# Minimal sufficient statistic for normal distribution with known variance

Let $X_1, ..., X_n$ be a random sample from the $N(\theta,1)$ distribution. Find a minimal sufficient statistic for $\theta$.

Now, I can find a sufficient statistic using the factorisation theorem ($\sum X_i$), but I don't think that this statistic is in fact minimal sufficient.

The question seems to imply that there exists a minimal sufficient statistic, but I'm not even sure that there is one.

MY QUESTION: How would I go about proving that there is no minimal sufficient statistic, or if there is one, what is it!?

Any hints greatly appreciated!

By the factorization criteria $$\mathcal{L}(\theta)=\frac{1}{(2\pi)^{n/2}}\exp\{-\sum_{i=1}^nX_i^2/2 +\bar{X}_n \theta -n\theta^2/2\}$$ $$\qquad = \exp\{\bar{X}_n\theta-n\theta^2/2\}\times(2\pi)^{-n/2}\exp\{-\sum X_i^2/2\}.$$ So $\bar{X}_n$ is sufficient stats. Now, note that $\bar{X}_n$ is a scalar, i.e., in $\mathbb{R}$ and $\theta \in \mathbb{R}$. i.e., $\dim(T(X))=\dim(\theta)=1$, hence it must be minimal.
• Thanks for the response! Is it always true that if the dimension of a sufficient statistic $T$ is the same as that of the parameter space, then $T$ is minimal sufficient? – jason May 28 '18 at 4:00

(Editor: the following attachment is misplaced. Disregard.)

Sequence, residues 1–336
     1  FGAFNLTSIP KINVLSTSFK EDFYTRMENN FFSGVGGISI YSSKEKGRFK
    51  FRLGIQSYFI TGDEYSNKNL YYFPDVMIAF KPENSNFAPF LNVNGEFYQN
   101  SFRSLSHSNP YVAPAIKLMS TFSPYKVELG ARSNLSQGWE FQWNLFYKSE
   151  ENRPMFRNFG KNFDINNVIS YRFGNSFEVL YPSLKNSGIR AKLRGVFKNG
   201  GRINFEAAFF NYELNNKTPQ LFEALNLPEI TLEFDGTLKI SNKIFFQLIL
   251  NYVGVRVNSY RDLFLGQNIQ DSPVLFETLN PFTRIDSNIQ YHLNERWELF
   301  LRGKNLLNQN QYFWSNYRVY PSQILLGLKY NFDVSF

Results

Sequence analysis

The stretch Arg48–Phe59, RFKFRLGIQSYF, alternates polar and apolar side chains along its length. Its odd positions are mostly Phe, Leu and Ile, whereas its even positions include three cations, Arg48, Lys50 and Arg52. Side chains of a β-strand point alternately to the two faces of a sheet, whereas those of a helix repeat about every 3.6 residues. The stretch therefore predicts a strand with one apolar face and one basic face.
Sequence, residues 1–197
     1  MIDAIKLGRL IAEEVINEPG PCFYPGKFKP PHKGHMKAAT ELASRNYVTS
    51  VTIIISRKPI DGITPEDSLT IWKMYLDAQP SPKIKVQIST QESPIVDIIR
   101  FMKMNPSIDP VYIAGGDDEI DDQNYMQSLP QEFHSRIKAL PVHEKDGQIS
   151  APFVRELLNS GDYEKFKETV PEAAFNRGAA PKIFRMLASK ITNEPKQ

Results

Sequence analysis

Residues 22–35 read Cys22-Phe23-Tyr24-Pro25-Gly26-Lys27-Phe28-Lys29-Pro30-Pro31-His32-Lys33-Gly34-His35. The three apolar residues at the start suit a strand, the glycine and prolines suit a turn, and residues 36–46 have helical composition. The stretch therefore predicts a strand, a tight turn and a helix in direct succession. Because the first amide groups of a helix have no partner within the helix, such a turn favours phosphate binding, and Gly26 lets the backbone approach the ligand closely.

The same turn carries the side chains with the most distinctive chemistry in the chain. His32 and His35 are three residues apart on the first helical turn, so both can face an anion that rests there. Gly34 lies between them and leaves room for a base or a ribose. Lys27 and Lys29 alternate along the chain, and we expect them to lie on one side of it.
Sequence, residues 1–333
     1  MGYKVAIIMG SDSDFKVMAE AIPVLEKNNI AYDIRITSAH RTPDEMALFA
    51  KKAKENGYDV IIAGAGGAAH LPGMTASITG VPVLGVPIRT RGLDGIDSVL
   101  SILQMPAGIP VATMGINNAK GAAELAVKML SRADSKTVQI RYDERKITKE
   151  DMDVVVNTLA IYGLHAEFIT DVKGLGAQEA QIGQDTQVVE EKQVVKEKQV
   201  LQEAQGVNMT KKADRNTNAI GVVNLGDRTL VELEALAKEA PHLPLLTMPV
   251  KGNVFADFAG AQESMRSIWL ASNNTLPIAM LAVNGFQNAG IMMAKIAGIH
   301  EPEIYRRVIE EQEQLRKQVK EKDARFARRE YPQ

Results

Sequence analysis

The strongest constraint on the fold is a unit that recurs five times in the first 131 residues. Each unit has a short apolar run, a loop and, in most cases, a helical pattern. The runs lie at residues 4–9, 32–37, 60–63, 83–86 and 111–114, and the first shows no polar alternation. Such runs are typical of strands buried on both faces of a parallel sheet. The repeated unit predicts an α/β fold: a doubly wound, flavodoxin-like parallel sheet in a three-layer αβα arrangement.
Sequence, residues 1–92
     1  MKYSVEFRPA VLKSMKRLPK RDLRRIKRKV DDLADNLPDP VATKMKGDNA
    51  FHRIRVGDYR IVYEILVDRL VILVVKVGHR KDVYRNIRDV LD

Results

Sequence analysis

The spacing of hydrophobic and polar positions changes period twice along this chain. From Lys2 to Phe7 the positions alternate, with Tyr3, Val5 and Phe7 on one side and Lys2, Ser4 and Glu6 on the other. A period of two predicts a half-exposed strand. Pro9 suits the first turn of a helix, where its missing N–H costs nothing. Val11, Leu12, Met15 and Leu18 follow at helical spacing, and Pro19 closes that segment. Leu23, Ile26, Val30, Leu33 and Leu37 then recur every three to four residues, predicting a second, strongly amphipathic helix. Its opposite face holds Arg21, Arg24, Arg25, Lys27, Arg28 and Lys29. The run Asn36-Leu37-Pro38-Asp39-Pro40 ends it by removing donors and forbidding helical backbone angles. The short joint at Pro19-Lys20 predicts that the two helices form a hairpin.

A sufficient statistic $Y$ is a function of $X_1,\ldots,X_n$ for which the conditional distribution of $X_1,\ldots,X_n$ given $Y$ does not depend on $\theta.$ Implicit in this is that one need not know the value of $\theta$ in order to know which function of $X_1,\ldots,X_n$ is $Y.$
A sufficient statistic $Y$ is minimal if for every function $g$ that is not one-to-one, and whose domain is the support of the random variable $Y,$ the random variable $g(Y)$ is not sufficient. I.e. no coarser statistic is sufficient.
A coarser statistic than $X_1+\cdots+X_n$ must have equal values for two different values of $X_1+\cdots+X_n.$ Suppose that for $X_1+\cdots+X_n=a$ and $X_1+\cdots+X_n=b,$ we have the same value of $Y,$ say $Y=c,$ although $a\ne b.$
Consider the conditional distribution of $X_1,\ldots,X_n$ given $Y=c.$ What is that distribution when $\theta=a/n,$ and what is it when $\theta=b/n$? You get two different distributions; therefore $Y$ is not sufficient.